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Final Fantasy X

Publisher :Square  Developer: Square  Release Date: July 19 2001(Janpan)

Type:RPG   Console:PS2    #of players : 1


Final Fantasy X was moving at a steady 60fps, while featuring immaculately constructed 3D backgrounds. Much in the way Resident Evil: Code Veronica took the pre-rendered backgrounds and tossed them in the trash, so too does Final Fantasy X. While the demo shown only featured one character running around (a Squall clone in skate-punk clothes), the environments looked amazing and showed a production value that would make other developers weep. Another demo shown during the Play-Online session showed a Final Fantasy-like group of characters running around on pre-rendered backgrounds, but it is unknown if that was a tech-demo for display purposes only, or if it was related to one of the new games.

Final Fantasy X is significant since it is the first FF to be released for the PlayStation 2. While FFIX will be available in the summer of 2000, FFX should be ready by spring 2001. This will also be the first FF to be compatible with Square's Play-Online service. You'll be able to check your progress against an online strategy-engine, which will offer helpful suggestions if you have missed some important items for example. It was said during the presentation that Final Fantasy X will be "different from traditional play." If that wasn't enough to sate your appetite for all things FF, the perhaps the announcement that Final Fantasy XI would ship for PlayStation 2 in the summer of 2001, not long after the release of FFX, is sure to cause a commotion. In case you're wondering why exactly Square would release these two games so closely to each other, it's because Final Fantasy XI will be released as a "complete online game." What this means is that, like Ultima Online or Everquest, FF XI will act out its story entirely online. It's currently unknown if FFXI's game-world will be perpetual, meaning life in FFXI will go on even when you're not logged on, or if you can save and stop and have everything restart where it left off. What we do know is that the concept art that Square showed a whole pile of Final Fantasy characters in the midst of an epic battle, and every character had a different name on the top of their heads, indicating who's who and allowing you to keep track of your friends. From the logo Square displayed of FFXI, it said "Final Fantasy XI: Online Another World." While this is a far from confirmed final title, it completely aligns with Square's plan to offer a new level of interactivity to Japanese, and later, Western, gamers.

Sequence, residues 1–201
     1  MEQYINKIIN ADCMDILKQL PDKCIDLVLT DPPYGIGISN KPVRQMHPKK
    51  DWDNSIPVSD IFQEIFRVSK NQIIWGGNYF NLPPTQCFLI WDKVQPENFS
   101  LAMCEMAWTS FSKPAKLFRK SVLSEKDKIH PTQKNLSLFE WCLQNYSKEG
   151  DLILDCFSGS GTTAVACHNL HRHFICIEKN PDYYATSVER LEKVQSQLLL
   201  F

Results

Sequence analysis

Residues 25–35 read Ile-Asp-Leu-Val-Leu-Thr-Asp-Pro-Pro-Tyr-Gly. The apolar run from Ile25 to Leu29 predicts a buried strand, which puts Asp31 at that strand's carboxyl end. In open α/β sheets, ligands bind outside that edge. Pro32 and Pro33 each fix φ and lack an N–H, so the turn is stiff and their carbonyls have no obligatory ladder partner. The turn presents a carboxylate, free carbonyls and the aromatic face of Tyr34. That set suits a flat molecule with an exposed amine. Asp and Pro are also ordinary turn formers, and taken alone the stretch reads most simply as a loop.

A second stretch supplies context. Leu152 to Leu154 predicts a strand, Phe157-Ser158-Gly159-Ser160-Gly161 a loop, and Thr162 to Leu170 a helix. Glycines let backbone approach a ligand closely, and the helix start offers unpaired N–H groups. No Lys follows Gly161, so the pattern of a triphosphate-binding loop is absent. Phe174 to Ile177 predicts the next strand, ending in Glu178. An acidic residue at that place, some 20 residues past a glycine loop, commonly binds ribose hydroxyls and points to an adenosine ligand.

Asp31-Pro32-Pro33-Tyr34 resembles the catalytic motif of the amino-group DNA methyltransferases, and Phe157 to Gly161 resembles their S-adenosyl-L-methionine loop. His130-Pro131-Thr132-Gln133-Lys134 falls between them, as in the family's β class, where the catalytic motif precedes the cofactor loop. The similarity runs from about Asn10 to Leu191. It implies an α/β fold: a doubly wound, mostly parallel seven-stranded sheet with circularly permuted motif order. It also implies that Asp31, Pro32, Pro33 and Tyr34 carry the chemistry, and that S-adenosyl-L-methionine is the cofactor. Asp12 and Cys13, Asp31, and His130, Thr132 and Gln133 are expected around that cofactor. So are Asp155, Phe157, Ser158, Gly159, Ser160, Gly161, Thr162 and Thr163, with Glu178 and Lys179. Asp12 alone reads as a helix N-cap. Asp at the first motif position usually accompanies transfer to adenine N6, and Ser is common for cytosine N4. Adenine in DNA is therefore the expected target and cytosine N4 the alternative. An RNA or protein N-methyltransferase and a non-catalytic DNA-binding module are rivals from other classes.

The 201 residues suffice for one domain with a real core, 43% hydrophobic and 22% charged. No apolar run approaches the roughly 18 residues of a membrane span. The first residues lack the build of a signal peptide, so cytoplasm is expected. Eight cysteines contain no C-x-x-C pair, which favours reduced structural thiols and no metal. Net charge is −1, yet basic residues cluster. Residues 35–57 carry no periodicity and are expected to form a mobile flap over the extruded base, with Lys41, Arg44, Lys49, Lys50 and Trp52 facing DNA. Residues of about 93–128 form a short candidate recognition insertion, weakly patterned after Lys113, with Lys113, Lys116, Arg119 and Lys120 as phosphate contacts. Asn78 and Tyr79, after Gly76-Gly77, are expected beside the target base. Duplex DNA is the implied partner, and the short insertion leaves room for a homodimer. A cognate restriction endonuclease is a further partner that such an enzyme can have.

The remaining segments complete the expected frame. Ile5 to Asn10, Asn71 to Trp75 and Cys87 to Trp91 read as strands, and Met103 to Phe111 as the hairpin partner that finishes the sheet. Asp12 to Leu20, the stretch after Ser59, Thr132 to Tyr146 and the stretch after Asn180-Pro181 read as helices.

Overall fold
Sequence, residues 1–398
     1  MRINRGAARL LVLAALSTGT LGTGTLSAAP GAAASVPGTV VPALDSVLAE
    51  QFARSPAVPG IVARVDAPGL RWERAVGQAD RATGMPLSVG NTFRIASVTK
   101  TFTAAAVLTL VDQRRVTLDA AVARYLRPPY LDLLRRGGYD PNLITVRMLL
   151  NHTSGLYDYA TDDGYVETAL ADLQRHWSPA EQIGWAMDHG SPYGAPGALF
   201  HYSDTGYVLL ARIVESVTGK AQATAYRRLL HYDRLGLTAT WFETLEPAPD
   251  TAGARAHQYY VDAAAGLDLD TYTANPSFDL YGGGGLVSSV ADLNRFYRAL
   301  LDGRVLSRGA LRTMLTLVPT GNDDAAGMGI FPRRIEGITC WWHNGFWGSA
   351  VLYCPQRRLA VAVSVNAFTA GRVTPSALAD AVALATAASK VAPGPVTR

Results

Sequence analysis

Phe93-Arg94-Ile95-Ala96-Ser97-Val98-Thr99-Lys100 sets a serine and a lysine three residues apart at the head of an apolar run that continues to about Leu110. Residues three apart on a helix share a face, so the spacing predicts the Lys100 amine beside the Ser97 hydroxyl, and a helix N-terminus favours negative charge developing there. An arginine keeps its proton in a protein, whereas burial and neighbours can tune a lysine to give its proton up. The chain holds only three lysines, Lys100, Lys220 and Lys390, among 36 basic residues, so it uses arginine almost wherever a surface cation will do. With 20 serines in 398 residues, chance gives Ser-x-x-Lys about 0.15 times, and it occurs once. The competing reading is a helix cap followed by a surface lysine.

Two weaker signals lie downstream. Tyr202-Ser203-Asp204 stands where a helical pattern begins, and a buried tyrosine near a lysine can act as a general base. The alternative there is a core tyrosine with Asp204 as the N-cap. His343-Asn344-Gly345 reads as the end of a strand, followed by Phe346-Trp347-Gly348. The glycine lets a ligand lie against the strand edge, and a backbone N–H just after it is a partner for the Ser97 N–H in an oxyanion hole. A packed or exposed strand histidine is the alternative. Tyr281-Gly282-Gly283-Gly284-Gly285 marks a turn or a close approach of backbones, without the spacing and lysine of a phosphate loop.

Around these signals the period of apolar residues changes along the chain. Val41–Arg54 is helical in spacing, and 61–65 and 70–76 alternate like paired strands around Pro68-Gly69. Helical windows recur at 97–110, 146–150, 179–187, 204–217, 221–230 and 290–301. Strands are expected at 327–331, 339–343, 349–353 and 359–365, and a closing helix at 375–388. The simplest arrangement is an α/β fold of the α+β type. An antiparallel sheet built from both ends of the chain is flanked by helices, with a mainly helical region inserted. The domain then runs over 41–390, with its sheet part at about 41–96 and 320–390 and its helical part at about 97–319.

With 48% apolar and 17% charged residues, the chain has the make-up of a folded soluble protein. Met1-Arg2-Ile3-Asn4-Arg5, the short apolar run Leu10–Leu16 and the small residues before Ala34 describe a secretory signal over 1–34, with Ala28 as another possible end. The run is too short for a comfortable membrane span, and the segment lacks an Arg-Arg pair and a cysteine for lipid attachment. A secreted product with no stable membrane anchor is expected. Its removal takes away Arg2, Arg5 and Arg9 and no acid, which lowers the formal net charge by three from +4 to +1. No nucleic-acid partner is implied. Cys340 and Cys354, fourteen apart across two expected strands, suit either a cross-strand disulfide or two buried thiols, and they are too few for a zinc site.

Again, it's unknown what impact this will have on the United States gaming community and how Square plans to implement this system here, since we're already familiar with what they're bringing to Japan. However, if their sheer effort is any indication, you can be sure, whether it be Sony or Square EA, an online presence will be formed to accommodate the introduction of Final Fantasy to the online world. We'll be here to report it when they do.

SquareSoft showed new video footage of Final Fantasy X for the PlayStation 2 at the Jump Festival in Tokyo  The thirty-second clip, which followed videos of The Bouncer, The Final Fantasy movie, and Square's WonderSwan Color games, was almost entirely comprised of CG sequences with snippets of real-time footage interlaced throughout. The main CG portion of the presentation showed a goddess-like figure walking on water. Her features were similar to previous Final Fantasy heroines such as Rinoa, and she wore a flowing blue gown and carried a staff. In this particular sequence, she came upon what appeared to be a fire god, who was similar in character design to the Ifrit from Final Fantasy VIII. One of the major plot points in FFX appears to be the conflict between the elements - the water goddess seemed destined to fight the fire god. Additionally, the story seems to take place in a post-apocalyptic world consumed by water. The continents have been flooded and their remnants remain only as small islands. In typical Final Fantasy style, the game world is a mix of fantasy and sci-fi elements. One of the examples of its sci-fi elements was a large airship equipped with an ion cannon.

The real-time sequences included a campfire scene, a scene where the lead character ran through a dungeon, a scene in a town where a summon monster was trying to break free of shackles and chains, and some battle scenes. The battle sequences looked like the ones from Final Fantasy VIII where the entire scene is shown full-screen without menu windows. In fact, the look of the characters and environments in Final Fantasy X is similar to the style of FF VIII, as it uses realistically designed character models. The lead character, who was originally shown at the Square Millennium event, looks very much like Squall from Final Fantasy VIII - he has brownish hair and carries a sword.

The entire game takes place on a real-time 3D map and seemed conducive to free-form exploration. The visuals were in high-resolution and the frame-rate stayed smooth, particularly in the scene where the lead character ran through a dungeon setting. However, perhaps because full-screen anti-aliasing had not been implemented yet, some of the character models had jagged edges. Although our first glimpse at Final Fantasy 

X consisted primarily of CG footage, we came away very impressed.In one of the scenes, the lead character says to the water goddess-like girl, "the beginning has ended and now the end is near. This might be the last time I see you, so I should probably tell you everything." Judging from their conversation and facial gestures, the two characters seemed to have some romantic ties.





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